[ blog » 2020 » 08_Tour-Alps ] d06: Chianocco to Bessans – Col du Mont Cénis (by Philipp Gesang, location: Bessans campsite)

Thunderstorm Post-Mortem

Some decisions emphasize they were the right ones by gratuitously adding a series of exclamation points; yesterday’s early run for cover was such a decision. From around 16h to 21h the Susa valley was bombarded by thunderstorms. It didn’t really stop pouring until long after that. As a bonus there was another thunderstorm around 5h in the morning that woke up the whole campsite. As a result, the tent, my sandals, the panniers, everything was covered in mud. And wet. Loads of moisture I had to carry around with me all day and up the hills.

I guess the silver lining is that I didn’t drown in my tent after all. Cheers to that!


Rolling out of town at half past eight I headed back to Susa to the bottom of the climb. Around five hundred meters of elevation in I caught a fellow tourer from Torino who I traveled with for some kilometers. Between my broken Italian and his broken French we had an entertaining conversation. I got advice on how to travel to the Nordkapp via Finland (bucket list item). When I shared my story about how I mistook that activist camp for a campsite yesterday, he informed me that those NoTAV protests were most likely orchestrated by the mafia. That of course explains the irrational train hate!

The road up to the French border is mostly quiet and lined with trees that keep the sun away; the gradient is fine, nothing compared to the Galibier, so I was making good progress. From the border on the scenery is dominated by old military installations and, above all, the gigantic dam that supports the artificial Lac du Mont Cenis. The last few hundred meters of elevation up to the top of the dam are the toughest to climb, with frequent switchbacks, hairpin corners and a steep slope. Worth the effort though, as the view from above the Lake is just spectacular.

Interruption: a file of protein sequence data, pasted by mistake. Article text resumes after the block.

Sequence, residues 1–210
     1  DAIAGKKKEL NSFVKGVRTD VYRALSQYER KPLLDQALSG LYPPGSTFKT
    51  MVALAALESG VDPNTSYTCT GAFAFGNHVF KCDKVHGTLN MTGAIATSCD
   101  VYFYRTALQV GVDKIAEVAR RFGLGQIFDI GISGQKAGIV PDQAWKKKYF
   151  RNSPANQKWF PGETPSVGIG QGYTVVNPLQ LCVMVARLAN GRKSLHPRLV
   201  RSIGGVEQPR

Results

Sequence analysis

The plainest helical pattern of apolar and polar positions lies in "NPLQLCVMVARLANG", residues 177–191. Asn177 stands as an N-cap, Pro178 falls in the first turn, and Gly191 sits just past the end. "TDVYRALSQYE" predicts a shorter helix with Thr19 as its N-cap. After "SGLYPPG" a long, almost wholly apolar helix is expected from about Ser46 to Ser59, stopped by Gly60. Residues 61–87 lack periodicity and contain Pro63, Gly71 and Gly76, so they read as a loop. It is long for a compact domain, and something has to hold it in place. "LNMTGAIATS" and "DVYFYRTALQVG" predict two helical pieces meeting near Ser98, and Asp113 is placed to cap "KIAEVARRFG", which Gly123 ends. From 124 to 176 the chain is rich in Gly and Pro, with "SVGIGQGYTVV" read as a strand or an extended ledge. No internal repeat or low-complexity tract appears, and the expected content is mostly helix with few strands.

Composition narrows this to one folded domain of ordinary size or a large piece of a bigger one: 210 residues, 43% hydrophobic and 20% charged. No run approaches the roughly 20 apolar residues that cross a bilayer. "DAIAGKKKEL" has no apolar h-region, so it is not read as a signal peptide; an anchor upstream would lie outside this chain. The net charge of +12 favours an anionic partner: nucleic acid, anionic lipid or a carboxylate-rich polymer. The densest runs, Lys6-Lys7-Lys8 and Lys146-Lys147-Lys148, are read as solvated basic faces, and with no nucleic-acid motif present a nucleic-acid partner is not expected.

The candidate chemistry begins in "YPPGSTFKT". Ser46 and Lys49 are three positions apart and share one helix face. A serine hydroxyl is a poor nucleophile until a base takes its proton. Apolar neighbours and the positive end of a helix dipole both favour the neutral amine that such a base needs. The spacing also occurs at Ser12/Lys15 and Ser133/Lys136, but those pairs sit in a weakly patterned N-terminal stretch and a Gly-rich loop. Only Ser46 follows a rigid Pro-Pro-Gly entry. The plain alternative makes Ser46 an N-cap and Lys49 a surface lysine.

Returning to Vallée de l’Arc

The descent from the Col du Mont Cénis down into the Arc valley is steep-ish with switchbacks so no real respite. Luckily the elevation difference to the bottom of the valley is a mere 500 m so it wasn’t that big of a deal. From Lanslevillard it is only a short ride to Bessans, the destination of today, but it includes the Col de la Madeleine, the iconic prelude to the Col de l’Iseran. On the short stretch I encountered two German tourers who were heading in different directions -- one into Italy and Switzerland, the other to the Mediterranean. This was definitely the day of the touring crowd, I probably met more of them today than in the previous five days combined.

At Bessans I called it a day but had to wait for the campsite reception to arrive after a long and I’m sure well deserved sieste, so I spent two hours on the town square eating ice cream and drinking coffee. Free Wifi, so this was time well spent.

The Bessans campsite is incredible: wide, open spaces, spacious pitches on soft ground, and 3000 m peaks looming over it from three sides. All for just 8.50 euro. The sanitary installations are minimalistic but everything is there, even toilet paper. Best campsite of the trip so far, easily a 10/10.


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